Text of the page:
- Heat the oil in a pressure cooker and fry the onions till translucent. Toss in the chopped tomatoes and cook for 2-3 minutes. Add the dry masalas, mix and fry for a couple of minutes.
- Add the washed & soaked dals and fry for 2 minutes. Add enough water so that it covers the dals for about an inch above them. Cover the pressure cooker lid & cook for 12-15 minutes on a medium high flame.
- When the cooker comes to room temperature (the whistle/weight comes off easily), mix the contents and add water to arrive at the desired consistency. Don't add too much water, the daal should be thickish. Toss in the chopped coriander leaves. Cover & keep aside.
- For the tempering/seasoning, on a medium flame, heat the ghee in a smaller pan and toss in the mustard seeds and cumin seeds. When they stop spluttering add the green chillies, ginger, garlic and onions and fry lightly until you get a nice aroma and take care to see that the contents do not burn. Quickly pour this seasoning into the prepared daal.
- Serve hot with baati or rice!Preparing the baati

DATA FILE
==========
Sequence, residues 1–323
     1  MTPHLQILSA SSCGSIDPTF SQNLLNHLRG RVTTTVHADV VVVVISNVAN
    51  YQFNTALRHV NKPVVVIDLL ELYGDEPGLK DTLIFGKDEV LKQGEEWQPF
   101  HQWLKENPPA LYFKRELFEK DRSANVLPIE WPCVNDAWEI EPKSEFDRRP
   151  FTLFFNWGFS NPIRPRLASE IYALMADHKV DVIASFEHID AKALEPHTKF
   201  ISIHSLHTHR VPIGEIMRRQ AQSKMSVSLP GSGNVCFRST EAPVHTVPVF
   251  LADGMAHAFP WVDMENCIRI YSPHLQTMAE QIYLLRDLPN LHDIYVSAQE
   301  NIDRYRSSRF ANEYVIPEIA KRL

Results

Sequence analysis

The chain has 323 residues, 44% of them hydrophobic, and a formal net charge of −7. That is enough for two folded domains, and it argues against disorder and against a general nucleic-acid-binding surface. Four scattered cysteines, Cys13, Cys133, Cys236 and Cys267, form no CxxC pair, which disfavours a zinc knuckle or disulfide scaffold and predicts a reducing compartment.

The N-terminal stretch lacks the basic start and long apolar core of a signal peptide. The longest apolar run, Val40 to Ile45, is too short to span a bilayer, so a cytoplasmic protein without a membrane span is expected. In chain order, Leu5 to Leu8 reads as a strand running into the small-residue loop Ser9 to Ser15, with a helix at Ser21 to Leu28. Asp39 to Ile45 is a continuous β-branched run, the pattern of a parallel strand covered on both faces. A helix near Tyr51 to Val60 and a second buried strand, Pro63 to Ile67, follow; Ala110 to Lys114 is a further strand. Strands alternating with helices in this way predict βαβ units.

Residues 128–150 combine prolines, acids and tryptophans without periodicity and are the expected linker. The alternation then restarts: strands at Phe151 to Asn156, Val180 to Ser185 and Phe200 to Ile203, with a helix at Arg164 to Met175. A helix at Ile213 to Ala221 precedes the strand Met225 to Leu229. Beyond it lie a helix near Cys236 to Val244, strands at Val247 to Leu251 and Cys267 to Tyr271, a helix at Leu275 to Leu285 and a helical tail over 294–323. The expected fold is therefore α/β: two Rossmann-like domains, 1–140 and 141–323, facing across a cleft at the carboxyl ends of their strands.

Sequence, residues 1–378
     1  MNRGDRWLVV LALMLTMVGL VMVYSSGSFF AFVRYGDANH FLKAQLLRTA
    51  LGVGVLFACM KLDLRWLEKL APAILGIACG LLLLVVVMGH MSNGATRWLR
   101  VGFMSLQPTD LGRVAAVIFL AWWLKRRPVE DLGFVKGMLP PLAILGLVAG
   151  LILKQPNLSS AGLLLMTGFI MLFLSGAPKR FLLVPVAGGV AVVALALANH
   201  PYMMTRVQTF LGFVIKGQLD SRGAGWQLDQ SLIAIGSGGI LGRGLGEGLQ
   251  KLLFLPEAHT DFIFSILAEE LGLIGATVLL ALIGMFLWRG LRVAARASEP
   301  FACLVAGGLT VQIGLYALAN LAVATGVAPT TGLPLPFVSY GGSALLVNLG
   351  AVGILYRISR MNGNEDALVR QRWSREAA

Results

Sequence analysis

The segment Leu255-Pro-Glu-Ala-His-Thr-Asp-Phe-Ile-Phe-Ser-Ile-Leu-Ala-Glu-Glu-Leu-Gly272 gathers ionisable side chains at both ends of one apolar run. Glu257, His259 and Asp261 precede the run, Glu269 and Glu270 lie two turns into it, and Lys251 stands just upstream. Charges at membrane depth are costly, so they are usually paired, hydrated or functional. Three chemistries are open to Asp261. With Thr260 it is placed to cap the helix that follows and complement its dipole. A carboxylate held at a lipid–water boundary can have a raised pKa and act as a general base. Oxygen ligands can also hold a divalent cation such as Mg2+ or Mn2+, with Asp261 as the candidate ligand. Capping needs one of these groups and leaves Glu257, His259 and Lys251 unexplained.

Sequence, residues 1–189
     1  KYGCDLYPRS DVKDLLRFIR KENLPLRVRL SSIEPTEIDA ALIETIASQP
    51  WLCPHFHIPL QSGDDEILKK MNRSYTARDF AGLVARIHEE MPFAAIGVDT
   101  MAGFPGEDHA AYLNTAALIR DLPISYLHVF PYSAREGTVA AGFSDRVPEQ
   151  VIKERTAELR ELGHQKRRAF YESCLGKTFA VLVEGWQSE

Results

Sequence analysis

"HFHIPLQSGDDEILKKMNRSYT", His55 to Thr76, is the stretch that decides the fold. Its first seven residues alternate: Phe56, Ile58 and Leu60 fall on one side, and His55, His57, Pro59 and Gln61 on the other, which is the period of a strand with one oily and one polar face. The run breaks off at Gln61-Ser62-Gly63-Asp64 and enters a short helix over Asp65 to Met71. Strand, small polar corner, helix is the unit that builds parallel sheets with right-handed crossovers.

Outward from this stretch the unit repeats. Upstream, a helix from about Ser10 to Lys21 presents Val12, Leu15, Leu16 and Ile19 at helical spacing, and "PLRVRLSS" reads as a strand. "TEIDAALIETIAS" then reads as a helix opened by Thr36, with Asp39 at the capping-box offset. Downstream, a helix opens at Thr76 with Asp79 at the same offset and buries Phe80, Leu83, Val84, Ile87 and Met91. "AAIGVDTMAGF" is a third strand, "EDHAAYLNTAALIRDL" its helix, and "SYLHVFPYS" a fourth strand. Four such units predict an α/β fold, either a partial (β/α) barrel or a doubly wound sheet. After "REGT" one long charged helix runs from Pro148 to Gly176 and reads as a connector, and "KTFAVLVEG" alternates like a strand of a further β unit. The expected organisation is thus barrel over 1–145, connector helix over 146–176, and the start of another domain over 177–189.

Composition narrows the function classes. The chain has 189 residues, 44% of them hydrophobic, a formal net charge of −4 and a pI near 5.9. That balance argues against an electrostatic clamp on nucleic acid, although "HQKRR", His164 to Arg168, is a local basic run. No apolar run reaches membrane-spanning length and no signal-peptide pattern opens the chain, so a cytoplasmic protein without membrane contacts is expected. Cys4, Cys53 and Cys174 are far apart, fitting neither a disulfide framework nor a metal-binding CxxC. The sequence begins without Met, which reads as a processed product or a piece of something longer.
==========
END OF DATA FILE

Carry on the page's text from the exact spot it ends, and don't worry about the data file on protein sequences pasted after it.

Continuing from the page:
- In a flat wide bowl mix all the ingredients mentioned under 'For the baati' and knead it into a smooth dough. Add very little water only if required. Keep covered until required. Pre-heat the oven on Low on grill/broil mode (I preheated at 110 degrees C for 10mins). Keep a baking tray covered with aluminium foil ready
- Pinch out lemon sized balls out of the dough and roll between the palms to ensure that the surface has no cracks. Gently make a dimple (thumb impression) in the centre of each baati.
- Brush each baati generously with the ghee and place on the baking tray and into the oven on the top rack and broil/grill for approx 20-25 minutes flipping them halfway across bake time. Add or reduce bake time depending on your oven to ensure that the baatis turn a golden brown evenly.
- Remove, dunk them in ghee (unless you are health conscious) and serve hot with Panchmel Daal
The baatis do not fluff up and are not soft like regular bread/buns. This is because there is no leavening agent (like yeast, baking powder etc) used. The baatis remain the way they looked before you put them into the oven, except that they emerge harder, browner and tastier.
The nutritional values are only indicative.